Monday, February 20, 2012

Cut

Cut
by Patricia McCormick

This is a story about a young girl at a treatment facility because she cuts herself. It is written from her perspective and it gives a peek into her thoughts. She rarely speaks through out the novel so most of the story is her describing how her situation makes her feel and how she then deals with it.

She even refers to her therapist as you. For example I didn't tell you or I was waiting at your door, so it really felt like I was reading her thoughts and not just something she would write in a journal. It took me a little bit to get used to the way it was written but I thought it really worked for this story.

This book is only 168 pages so it was a really quick read. I think it would be a great book to read if you had a few hours and wanted read a book from beginning to end in one sitting. I was fascinated but her story and wanted to find out what started her down the path that ended with her at a treatment facility.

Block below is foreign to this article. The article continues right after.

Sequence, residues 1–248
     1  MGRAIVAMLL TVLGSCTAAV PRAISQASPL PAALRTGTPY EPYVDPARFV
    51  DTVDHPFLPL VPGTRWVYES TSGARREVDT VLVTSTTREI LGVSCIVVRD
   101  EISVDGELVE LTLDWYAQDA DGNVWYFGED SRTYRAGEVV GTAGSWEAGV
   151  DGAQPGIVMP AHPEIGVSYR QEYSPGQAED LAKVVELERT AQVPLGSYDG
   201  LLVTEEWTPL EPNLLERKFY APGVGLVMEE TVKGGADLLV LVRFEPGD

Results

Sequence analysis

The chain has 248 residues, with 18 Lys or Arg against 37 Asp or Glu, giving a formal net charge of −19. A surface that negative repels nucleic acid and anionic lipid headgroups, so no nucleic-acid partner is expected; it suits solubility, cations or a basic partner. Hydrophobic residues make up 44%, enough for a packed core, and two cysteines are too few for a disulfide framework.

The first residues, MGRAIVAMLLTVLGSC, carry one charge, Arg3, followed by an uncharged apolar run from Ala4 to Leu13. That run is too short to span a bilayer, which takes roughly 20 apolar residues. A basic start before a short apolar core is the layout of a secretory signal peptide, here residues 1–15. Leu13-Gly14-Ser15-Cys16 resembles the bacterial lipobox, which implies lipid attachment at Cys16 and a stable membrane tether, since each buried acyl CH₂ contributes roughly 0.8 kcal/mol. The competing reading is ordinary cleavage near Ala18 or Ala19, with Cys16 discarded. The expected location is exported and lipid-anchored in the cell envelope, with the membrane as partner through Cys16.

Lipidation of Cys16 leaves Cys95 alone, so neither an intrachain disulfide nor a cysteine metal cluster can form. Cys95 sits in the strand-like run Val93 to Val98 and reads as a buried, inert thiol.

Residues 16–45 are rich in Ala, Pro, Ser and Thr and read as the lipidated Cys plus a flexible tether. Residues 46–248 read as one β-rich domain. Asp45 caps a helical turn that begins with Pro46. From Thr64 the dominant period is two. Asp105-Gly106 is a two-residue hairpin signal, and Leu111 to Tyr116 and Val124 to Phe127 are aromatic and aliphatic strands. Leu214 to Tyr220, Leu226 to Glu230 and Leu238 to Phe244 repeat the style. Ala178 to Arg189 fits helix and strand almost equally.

I wished there had been more when the book ended. Which is a good thing right? It meant that I cared about her and her story, which is always a sign of a good book to me.

I felt like I didn't get the entire story because in the book you learn only how she saw the situation. I wanted more details about her family situation and more of a resolution. Not that there isn't some resolution because there is and really when I look back on how the book is written the ending makes sense since it is her thoughts that she is sharing and not a journal or a telling of her story. You would almost need an outside source to get all the information. There are times that the therapist asks her about her family and her response is "isn't that in your files," and of course you never get to read or see into the files so you kind of have to fill in the blanks along the way, based on other things she says.

This was a very interesting story and a really enjoyed reading it. There is something about reading these types of novels that help me gain a greater understanding and compassion for those who suffer from mental illness. 

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